About this item
A sense of place. It's a notion that has informed some of our most memorable works of art — everyone has a favorite book or painting or album that somehow has the power to immerse you completely in its world, so much so that you don't want to leave.
This sense of creating art that can spirit you away somewhere else entirely is something that most definitely also informs the selftitled debut album from Brooklyn-based band ERAAS. In 2011, the band's founding members, Robert Toher and Austin Stawiarz, both ex-members of New England-based project Apse, were gravitating more towards ritualistic and darker themes not fully explored in their previous incarnation. In searching for a place to translate this mood to record, the duo settled on a rambling, atmospheric mansion in Western Massachusetts outside of Northampton. ERAAS decided to retreat to an area steeped in history and its own distinct atmosphere — all deserted hill towns and melancholy beauty — to make this record. The decision paid rich creative dividends — this is an album that's heavy with both an ominous mood and a certain orchestral grandeur.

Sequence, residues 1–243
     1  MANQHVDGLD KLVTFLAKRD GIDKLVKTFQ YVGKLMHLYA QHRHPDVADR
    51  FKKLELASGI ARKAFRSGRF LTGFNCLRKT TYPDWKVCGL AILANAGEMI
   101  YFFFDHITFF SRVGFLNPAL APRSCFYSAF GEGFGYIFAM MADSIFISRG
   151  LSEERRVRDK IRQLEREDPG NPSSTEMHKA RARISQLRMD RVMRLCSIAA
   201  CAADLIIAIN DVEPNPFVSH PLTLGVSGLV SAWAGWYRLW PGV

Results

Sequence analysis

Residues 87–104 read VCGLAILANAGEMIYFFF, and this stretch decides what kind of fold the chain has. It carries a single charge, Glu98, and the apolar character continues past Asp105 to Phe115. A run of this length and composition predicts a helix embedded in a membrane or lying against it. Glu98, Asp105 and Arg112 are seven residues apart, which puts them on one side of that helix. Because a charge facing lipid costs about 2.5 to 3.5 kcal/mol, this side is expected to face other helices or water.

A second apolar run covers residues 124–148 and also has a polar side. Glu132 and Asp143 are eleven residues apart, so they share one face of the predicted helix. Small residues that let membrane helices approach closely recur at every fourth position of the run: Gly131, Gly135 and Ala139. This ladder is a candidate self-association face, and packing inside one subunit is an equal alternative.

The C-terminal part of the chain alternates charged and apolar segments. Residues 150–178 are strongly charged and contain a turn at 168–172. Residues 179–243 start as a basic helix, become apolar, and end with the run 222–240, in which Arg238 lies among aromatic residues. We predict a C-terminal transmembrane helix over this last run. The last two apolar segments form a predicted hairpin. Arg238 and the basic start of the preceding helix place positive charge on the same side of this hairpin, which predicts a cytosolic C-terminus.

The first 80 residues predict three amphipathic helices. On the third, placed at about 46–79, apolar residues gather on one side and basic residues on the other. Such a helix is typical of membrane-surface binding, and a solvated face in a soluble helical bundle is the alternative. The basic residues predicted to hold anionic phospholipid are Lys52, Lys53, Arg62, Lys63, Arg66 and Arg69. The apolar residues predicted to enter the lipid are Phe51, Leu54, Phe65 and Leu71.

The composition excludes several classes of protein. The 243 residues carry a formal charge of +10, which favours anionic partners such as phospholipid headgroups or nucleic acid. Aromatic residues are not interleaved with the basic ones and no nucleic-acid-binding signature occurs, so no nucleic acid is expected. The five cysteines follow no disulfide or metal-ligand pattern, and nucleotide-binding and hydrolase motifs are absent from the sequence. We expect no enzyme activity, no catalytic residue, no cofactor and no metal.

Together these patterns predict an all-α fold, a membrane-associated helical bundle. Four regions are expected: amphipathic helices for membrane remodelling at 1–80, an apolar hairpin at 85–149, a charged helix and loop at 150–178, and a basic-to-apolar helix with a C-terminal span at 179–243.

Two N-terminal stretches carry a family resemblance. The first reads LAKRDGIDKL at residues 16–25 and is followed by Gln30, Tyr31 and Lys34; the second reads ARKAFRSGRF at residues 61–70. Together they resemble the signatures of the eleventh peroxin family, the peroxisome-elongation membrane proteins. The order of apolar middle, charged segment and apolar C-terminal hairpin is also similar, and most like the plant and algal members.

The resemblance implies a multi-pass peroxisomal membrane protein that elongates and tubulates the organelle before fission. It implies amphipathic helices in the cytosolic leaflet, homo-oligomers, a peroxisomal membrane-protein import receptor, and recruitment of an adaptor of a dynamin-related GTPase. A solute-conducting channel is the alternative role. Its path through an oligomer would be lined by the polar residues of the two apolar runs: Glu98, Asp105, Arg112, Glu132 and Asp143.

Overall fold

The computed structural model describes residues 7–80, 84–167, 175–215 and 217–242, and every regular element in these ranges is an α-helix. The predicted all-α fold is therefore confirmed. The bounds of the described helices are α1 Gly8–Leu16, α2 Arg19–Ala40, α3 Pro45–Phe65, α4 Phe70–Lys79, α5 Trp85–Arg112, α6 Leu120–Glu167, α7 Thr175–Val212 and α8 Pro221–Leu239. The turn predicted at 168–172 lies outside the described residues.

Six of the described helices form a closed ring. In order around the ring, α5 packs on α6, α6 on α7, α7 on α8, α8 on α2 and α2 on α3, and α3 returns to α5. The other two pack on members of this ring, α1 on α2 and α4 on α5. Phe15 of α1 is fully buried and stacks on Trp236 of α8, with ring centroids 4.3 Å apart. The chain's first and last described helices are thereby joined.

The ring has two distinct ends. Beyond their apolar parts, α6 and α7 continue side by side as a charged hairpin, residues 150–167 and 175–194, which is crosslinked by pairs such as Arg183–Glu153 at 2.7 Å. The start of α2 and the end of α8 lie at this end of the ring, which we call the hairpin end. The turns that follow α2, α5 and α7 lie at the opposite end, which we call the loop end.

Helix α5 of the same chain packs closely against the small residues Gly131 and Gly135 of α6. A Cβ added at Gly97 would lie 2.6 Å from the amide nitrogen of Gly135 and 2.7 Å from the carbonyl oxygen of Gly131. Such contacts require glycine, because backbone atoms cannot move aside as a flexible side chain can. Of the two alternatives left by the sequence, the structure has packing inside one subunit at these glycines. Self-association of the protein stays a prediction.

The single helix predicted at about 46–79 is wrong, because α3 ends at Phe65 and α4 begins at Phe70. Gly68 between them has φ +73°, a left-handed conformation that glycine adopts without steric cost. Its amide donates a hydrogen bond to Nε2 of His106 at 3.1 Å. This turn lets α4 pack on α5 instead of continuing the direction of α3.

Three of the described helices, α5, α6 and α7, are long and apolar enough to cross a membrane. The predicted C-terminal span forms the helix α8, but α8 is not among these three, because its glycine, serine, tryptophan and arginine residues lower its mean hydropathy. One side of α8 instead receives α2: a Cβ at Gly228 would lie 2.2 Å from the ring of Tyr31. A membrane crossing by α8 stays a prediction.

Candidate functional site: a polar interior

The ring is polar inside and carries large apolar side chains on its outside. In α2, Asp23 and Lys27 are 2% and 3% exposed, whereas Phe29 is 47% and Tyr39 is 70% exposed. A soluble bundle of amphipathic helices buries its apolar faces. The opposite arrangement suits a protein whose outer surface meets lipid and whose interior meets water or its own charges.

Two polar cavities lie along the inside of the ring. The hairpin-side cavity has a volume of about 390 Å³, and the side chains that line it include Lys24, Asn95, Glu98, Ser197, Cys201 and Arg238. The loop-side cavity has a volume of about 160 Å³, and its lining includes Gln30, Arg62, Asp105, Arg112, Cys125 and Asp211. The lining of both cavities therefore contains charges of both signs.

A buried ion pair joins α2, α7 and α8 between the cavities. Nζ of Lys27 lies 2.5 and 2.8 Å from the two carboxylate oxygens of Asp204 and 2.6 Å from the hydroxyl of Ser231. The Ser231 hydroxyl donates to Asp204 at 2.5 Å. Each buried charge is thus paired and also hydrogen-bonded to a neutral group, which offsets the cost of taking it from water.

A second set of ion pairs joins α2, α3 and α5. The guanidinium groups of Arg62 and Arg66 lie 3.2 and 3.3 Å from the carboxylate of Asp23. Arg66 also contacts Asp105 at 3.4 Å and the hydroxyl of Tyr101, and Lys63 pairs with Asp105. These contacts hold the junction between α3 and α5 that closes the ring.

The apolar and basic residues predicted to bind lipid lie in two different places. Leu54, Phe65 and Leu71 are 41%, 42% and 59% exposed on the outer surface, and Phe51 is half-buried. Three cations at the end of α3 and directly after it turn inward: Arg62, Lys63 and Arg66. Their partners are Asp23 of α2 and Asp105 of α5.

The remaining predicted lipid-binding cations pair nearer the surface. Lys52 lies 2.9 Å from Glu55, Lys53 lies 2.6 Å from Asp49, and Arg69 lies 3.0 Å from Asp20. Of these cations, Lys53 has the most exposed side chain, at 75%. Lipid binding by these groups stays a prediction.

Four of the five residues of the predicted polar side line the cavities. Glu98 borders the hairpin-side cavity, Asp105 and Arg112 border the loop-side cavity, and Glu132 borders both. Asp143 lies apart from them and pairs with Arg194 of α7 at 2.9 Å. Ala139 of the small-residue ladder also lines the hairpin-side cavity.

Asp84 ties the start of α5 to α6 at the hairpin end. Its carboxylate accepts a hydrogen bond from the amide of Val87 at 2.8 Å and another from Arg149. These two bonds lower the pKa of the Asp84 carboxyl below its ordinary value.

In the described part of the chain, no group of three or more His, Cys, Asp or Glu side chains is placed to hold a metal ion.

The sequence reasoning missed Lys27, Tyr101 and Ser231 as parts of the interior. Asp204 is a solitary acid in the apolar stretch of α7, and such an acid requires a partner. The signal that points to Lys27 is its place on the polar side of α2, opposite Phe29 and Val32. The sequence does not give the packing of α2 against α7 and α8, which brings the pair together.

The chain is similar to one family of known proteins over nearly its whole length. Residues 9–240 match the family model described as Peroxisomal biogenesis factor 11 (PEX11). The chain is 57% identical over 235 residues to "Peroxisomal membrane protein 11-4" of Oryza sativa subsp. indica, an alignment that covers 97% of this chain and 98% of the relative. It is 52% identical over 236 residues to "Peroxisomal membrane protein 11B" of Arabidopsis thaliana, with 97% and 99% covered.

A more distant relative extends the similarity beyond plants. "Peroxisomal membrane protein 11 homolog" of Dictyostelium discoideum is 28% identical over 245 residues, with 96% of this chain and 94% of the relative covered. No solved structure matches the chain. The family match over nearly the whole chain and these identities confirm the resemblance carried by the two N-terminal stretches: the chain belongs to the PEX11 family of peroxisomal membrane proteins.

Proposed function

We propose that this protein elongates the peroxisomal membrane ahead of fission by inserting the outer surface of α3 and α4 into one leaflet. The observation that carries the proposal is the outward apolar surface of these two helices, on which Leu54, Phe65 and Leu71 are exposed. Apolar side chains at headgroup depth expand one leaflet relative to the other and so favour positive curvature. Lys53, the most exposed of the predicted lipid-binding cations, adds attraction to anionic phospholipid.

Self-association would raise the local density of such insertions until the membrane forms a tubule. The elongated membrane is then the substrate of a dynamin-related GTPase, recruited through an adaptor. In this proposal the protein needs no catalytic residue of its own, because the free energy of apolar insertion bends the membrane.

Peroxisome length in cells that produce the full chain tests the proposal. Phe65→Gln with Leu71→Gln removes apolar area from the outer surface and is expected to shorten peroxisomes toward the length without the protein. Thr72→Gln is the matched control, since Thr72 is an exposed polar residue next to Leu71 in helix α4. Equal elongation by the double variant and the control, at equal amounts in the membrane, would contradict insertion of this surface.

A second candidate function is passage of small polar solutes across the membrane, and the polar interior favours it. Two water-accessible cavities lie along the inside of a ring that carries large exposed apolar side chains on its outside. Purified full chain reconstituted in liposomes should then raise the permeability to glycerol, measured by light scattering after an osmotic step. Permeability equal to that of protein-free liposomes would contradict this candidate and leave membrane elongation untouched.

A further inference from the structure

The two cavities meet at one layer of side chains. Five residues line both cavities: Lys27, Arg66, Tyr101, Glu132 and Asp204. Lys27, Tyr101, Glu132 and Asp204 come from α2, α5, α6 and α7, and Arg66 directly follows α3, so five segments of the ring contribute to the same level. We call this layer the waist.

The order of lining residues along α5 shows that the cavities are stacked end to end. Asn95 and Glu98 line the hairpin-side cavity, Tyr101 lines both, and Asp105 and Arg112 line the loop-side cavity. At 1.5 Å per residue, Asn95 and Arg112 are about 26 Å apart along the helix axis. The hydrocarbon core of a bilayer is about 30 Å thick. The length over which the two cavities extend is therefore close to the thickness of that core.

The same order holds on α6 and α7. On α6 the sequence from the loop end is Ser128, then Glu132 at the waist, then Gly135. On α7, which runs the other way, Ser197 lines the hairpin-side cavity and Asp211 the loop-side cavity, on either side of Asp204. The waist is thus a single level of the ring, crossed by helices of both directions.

When you listen to these songs, the ambience of the house itself is palpable, its creaking boards and tenebrous hallways reflected in the claustrophobic, echo-laden production — from the mournful strings that introduce the opening "Black House" until the flurry of tribal percussion that brings final track "Trinity" to a conclusion, there's a real sense of mood that never relents. The album plays out more like a single coherent entity than a simple collection of songs, the tracks emerging ghost-like from the shadows and then receding into interludes of whispers and strange, abstract samples. The songs are built around insistent basslines and driving percussion, along with a distinctive, evocative vocal sound created with deft utilization of delays and reverbs. Tracks like "Briar Path" and "A Presence" sound like stumbling across secret rituals, all haunted vocal melodies and spidery guitar figures. Other songs see subtle elements drifting in and out of the mix— "Crescent" is adorned by a delicate piano melody that sounds like it was recorded from an old Victrola, strange whisperings lurk deep in the mix of "Ghost", while "Trinity" strips things back to percussion and an insistent, rasping vocal.
1. Black House
2. A Presence
3. At Heart
7. Briar Path